9. Another technique that can help is to wrap the unloaded pistol in Saran Wrap plastic film, rub the outside of the plastic with neutral shoe polish, in and out of the holster several times. The leather will take up the wax at contact points where it will act as a light film of lubricant.
  10. Lobo

    Hello from CO

    Also in Colorado. Pueblo County. Retired for 6 now. Used to average about 2000 orders per year for customers in 50 US states and 33 other countries. 43 years of cutting, fitting, stitching, and hide-pounding were hard on the hands, wrists, elbows, and shoulders. Arthritis, carpal tunnel, cubital tunnel, just plain worn out old body. Anti-inflammatory prescription with the morning coffee helps me get my hands and fingers working for the day. Sold the business and now I'm a "consultant" for the new owners producing my designs and their own innovations.
  11. Nice work. Those original holsters are becoming very rare and valuable, well worth preserving, especially with the original shoulder strap. Most Japanese holsters of WW2 vintage are not leather. They used rubber-impregnated canvas, both as a war-time expedient as well as a means for dealing with the effects of tropical environments on leather products. Leather holsters, belts, boots and other equipment didn't stand much of a chance against the molds and mildews of the islands of the Pacific Theater. The Nambu pistol in my collection came with the formed rubberized canvas holster and shoulder strap. Bought it from the old veteran's family back in the 1970s.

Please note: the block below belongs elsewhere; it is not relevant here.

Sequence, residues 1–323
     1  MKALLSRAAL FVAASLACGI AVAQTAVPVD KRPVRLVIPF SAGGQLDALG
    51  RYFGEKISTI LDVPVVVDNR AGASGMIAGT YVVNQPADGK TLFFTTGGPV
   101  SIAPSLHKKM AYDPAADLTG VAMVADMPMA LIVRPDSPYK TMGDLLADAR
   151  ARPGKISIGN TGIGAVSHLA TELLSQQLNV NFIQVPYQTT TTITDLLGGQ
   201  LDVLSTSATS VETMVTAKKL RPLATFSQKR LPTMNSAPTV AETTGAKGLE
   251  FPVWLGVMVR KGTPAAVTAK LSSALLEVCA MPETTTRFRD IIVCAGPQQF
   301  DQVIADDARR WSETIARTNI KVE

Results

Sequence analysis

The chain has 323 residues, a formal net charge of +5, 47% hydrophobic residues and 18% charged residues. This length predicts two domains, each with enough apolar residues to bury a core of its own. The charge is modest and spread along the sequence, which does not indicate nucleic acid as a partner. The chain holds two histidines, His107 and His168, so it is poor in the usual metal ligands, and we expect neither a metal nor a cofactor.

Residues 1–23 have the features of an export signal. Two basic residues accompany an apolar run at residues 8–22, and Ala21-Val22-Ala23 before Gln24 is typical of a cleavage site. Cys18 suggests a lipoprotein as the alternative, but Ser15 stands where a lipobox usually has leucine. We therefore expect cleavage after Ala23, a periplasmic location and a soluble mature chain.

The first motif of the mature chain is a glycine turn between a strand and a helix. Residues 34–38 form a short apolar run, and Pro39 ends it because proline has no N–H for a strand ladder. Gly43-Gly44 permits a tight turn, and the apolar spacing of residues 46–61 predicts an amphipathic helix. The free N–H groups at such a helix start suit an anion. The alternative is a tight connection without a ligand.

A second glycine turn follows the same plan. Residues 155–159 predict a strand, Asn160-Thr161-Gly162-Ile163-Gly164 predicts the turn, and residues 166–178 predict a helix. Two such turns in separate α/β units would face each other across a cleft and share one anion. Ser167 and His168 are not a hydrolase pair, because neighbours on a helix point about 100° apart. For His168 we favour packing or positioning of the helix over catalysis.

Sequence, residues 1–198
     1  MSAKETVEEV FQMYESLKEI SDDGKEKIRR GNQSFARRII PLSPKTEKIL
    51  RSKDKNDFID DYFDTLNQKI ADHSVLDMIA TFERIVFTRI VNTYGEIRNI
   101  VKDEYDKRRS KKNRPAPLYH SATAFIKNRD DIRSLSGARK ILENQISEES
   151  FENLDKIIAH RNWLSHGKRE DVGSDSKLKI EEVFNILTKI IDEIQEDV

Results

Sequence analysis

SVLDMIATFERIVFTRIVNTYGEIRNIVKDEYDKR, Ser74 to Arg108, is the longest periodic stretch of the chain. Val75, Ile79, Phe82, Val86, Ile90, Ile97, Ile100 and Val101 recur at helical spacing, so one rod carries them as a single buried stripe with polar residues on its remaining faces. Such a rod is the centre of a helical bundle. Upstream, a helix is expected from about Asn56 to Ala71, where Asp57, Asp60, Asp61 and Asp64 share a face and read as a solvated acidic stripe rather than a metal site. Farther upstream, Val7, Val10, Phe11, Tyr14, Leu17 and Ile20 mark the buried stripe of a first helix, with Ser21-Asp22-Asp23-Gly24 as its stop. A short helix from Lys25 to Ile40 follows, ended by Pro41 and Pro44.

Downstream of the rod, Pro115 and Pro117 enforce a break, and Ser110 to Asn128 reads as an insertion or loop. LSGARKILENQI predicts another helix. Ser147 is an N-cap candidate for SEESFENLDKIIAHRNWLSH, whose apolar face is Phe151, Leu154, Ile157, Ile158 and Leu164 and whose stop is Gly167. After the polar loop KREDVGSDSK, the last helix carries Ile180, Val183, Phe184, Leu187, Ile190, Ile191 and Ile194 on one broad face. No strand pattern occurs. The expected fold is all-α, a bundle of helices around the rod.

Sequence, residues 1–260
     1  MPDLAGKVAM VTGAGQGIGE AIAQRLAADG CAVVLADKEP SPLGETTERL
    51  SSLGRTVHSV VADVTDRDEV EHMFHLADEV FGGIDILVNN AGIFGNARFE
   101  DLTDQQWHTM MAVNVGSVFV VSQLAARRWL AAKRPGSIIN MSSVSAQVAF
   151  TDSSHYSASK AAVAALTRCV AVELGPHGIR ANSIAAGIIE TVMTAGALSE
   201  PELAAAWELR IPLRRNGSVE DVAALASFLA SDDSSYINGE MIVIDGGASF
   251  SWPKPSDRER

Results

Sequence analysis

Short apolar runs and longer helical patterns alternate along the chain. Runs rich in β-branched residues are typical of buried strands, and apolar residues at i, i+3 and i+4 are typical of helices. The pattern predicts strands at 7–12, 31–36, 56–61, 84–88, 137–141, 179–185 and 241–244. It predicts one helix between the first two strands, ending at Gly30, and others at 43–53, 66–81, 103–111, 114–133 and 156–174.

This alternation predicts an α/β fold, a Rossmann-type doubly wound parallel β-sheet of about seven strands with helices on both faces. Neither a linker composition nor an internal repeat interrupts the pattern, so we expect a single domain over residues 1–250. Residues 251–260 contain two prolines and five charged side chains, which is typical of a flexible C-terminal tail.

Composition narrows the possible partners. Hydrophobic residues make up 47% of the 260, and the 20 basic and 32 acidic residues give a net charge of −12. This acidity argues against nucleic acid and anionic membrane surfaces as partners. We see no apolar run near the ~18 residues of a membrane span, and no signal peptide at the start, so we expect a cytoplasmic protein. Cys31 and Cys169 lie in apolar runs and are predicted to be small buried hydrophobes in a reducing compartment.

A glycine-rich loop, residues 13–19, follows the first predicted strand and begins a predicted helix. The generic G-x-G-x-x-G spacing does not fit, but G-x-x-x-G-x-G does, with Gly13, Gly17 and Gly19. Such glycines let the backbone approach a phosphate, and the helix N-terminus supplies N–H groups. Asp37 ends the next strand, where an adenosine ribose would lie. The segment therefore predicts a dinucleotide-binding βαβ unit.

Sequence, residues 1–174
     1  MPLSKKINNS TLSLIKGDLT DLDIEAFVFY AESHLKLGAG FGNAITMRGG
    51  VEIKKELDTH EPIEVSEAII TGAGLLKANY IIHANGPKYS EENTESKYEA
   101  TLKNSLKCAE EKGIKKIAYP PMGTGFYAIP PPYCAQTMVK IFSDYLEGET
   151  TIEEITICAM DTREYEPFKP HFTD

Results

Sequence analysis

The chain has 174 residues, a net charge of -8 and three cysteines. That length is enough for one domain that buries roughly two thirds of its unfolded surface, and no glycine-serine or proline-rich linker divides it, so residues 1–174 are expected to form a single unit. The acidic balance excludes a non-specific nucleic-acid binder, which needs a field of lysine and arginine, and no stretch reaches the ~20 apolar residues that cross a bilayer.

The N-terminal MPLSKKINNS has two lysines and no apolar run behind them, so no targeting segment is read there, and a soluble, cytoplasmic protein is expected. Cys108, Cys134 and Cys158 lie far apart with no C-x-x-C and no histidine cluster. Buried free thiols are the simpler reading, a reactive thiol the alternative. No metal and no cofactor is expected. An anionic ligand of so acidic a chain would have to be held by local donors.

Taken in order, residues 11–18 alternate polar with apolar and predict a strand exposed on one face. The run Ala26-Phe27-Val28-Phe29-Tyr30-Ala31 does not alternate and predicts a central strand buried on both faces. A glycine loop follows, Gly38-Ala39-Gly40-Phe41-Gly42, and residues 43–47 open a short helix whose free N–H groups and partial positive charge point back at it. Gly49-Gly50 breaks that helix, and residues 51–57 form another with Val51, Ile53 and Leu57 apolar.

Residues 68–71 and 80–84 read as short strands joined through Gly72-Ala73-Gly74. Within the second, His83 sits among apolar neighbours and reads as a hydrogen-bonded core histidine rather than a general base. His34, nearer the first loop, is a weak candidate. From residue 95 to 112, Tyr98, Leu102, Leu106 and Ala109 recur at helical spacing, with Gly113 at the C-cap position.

12. You have a scrap pile? My dogs always had chew toys.
  13. Very nice results, especially for a first attempt. Very clean lines, nicely formed and finished. Belt slots angled or perpendicular to the belt line is more a matter of aesthetics than anything else, in my opinion. To my eye following the general profile of the holster is more appealing than larger protrusions to accommodate a more vertical belt slot. Couple of comments from an old timer: 1. The reinforcing pieces you have incorporated offer little, if any, actual benefit in a pancake-style holster. Nice for aesthetic appeal, but the function of the pancake-style includes flexing at the fore-and-aft stitch-lines, so an added bit of leather on the outer side has no real benefit in retaining shape for ease of re-holstering. The pancake-style is intended to reduce bulk, and adding the patches overcomes that to some degree. Others will quickly disagree with me on this, so all I will offer is that I started making pancake-style holsters 49 years ago and have been using that style for discreet concealed carry for decades. 2. The profile of the little Ruger holster offers very good clearance around the grip-frame, important for obtaining a solid grip during the draw. The Sig holster offers much less clearance for the hand during the draw, and might benefit from a re-design to taper the leather away from the pistol grip-frame in order to allow more ease of access. I have referred to this as the need for a proper "shooting grip" during the draw, eliminating the need to shift the pistol in the hand before addressing a possible target. Excellent workmanship!